We can write the desired name of our element and not the value because in the enumerated data type, the numeric value assigned to the elements is not editable. We can, however, change the sequence of the enumerals but not their value. See the figure below.
From the block available on the front panel, we can select which variable to access from the enum. We can only access one of the elements of the enum at a time. By clicking on the front panel’s block on enum, we can select which element to access. See the figure below.
Now, if we want to place an indicator to see the output of the enum, there is no need to look for it in the control palette. Simply right-click on the block diagram window’s block of the enum and select create, and then select indicator as shown in the figure below.
This will create an indicator of type enum, as shown in the figure below.
The front panel blocks of the enum control indicator pair are shown in the figure below.
We can change the variable to any other element, as shown in the figure below.
Now if we run the VI, the indicator will display the name of the variable we assigned to the enum control.
The question here may arise: how do I access the integer values assigned to the elements of the enum control? It is not a difficult task. From the function palette, select numeric, then conversion, and then long integer. This will convert our value from an enumerated type to an integer type.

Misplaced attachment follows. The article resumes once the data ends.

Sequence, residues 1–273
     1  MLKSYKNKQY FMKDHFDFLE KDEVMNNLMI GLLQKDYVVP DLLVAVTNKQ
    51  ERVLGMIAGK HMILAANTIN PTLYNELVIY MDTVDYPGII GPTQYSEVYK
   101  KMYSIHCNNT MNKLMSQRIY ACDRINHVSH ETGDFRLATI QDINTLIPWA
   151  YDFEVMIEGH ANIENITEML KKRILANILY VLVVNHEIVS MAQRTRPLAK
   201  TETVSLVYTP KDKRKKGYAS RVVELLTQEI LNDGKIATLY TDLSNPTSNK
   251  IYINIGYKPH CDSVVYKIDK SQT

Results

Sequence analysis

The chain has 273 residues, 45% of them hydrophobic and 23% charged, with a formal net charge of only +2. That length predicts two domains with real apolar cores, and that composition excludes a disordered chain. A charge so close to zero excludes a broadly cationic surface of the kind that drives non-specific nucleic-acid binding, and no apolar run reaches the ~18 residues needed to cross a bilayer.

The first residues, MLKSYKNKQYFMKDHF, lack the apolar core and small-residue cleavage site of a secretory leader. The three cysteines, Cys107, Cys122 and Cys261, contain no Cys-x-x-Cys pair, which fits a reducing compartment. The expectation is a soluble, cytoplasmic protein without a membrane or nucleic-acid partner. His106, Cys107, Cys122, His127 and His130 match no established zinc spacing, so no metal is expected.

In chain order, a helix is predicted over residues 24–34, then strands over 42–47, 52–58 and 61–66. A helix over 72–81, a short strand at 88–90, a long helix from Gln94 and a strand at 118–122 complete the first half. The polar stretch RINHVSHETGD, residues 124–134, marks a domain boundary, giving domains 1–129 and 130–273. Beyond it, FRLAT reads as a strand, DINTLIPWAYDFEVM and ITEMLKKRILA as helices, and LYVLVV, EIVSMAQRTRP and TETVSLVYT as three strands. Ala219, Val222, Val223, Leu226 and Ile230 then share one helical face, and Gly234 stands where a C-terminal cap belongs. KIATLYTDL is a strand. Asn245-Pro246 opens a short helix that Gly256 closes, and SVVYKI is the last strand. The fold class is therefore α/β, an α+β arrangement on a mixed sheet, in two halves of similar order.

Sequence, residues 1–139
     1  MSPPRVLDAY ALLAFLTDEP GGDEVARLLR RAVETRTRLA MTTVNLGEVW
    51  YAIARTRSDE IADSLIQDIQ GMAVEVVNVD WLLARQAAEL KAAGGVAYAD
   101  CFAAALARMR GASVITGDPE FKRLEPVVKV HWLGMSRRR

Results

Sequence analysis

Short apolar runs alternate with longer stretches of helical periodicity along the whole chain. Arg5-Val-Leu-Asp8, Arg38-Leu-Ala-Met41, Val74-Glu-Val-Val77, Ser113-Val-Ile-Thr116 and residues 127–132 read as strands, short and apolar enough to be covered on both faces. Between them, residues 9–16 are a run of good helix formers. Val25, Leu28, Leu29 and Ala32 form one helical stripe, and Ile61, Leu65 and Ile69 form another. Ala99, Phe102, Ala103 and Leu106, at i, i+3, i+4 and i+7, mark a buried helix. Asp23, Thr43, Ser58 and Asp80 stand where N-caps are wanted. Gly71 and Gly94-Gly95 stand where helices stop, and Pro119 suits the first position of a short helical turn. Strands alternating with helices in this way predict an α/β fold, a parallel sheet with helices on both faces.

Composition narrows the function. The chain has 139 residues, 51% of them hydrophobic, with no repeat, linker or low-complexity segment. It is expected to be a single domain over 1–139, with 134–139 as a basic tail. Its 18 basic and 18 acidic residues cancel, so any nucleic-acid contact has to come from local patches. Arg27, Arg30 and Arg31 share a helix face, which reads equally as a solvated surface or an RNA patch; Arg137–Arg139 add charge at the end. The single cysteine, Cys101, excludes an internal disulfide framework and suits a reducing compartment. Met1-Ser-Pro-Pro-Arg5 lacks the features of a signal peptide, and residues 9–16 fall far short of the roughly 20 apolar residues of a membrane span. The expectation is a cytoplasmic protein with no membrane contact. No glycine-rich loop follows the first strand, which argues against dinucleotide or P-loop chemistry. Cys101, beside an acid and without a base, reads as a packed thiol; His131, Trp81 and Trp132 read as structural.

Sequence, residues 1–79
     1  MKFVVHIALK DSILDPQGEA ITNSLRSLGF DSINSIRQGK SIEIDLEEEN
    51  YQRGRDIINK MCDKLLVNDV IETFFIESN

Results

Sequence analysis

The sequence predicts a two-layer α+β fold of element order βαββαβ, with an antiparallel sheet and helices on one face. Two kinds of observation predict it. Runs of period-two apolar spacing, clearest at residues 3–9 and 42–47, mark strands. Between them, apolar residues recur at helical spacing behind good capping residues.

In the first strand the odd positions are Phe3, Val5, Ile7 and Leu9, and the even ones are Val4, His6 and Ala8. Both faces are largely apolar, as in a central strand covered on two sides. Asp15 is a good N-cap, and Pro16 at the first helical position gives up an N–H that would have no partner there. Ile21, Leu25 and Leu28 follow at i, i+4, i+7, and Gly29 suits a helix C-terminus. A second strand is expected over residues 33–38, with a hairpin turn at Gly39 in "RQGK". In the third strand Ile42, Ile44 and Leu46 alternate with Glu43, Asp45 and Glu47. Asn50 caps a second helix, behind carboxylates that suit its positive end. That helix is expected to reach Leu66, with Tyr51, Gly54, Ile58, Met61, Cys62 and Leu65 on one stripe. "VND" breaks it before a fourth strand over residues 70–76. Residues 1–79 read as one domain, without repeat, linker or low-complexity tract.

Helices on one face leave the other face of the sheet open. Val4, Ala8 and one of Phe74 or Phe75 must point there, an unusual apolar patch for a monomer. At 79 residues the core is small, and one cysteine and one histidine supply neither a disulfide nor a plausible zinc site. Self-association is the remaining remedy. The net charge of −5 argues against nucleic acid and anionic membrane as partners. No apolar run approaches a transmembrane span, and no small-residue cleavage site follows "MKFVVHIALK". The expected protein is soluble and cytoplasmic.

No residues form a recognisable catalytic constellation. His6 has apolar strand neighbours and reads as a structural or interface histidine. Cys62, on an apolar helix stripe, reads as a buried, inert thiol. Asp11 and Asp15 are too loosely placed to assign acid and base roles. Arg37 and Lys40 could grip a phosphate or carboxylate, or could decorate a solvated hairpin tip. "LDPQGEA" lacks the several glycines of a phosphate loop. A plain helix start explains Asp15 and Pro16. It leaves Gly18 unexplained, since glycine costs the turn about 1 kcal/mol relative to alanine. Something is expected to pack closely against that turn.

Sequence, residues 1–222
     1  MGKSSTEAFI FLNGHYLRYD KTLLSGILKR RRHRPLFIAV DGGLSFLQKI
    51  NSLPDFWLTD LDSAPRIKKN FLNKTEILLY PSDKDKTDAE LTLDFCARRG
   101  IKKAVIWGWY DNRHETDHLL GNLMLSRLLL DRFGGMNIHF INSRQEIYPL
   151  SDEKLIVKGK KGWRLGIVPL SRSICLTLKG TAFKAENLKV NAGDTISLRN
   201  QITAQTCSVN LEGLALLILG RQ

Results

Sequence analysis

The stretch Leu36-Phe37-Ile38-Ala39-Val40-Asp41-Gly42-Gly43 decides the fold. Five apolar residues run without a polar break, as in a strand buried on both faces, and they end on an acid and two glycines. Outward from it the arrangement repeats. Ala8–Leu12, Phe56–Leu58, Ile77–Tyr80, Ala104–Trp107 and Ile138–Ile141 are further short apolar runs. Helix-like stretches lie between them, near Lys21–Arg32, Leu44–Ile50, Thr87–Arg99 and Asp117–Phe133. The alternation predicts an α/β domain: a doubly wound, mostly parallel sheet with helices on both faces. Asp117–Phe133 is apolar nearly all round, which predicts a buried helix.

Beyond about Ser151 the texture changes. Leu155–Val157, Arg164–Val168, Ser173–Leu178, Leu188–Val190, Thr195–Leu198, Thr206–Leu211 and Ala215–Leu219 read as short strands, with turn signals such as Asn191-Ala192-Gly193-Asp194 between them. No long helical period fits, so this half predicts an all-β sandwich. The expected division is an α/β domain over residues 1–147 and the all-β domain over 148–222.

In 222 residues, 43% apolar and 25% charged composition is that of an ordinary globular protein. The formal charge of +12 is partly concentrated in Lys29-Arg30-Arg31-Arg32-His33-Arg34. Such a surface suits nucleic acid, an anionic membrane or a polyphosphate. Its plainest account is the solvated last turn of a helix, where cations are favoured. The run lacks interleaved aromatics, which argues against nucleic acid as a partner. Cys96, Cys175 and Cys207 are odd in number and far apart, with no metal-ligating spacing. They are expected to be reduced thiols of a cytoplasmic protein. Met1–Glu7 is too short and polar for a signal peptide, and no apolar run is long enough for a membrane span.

Connect the input side of this block to the output of the enum control, and at the output of the conversion block, create an indicator as we have been doing in all previous tutorials. The resulting figure will look like the one shown below.
This indicator block on the front panel will display the integer value of the particular selected enum element after running the VI. The figure below shows the results of the VI after running it.
From the edit item window, we can also change the place of the variables and hence the integer number assigned to them. By clicking on the move-up button after selecting a particular element, we can move its integer values, as shown in the figure below.
Now if I run the VI, the output at the integer indicator will not be the same as shown in the figure below.
After we move an element up or down, our VI might give us an error. This error could be removed by deleting the enum indicator block from the block diagram and creating a new indicator because an indicator cannot be used for different sequences of elements.
- Use the enum variable we just created as a case selector of a case structure and perform three different operations, i.e., add, subtract, and multiply.
(Hint: You may need to add a case for third element as we have done in case structure tutorial)
In conclusion, this tutorial provided an in-depth exploration of enumerated data types in LabVIEW. Enumerated data types allow for the creation of distinct sets of named constants, offering a convenient way to organize and utilize data in LabVIEW programs. The tutorial covered the basics of declaring and initializing an enumerated data type, as well as the use and functionality of enumerated type controls. Examples and step-by-step instructions were provided to help readers understand how to work with enumerated data types in LabVIEW. By mastering this concept, readers will be able to effectively use enumerated data types in their LabVIEW projects, enhancing the efficiency and organization of their programs. Further resources and links were also provided for readers who wish to explore related topics and expand their knowledge.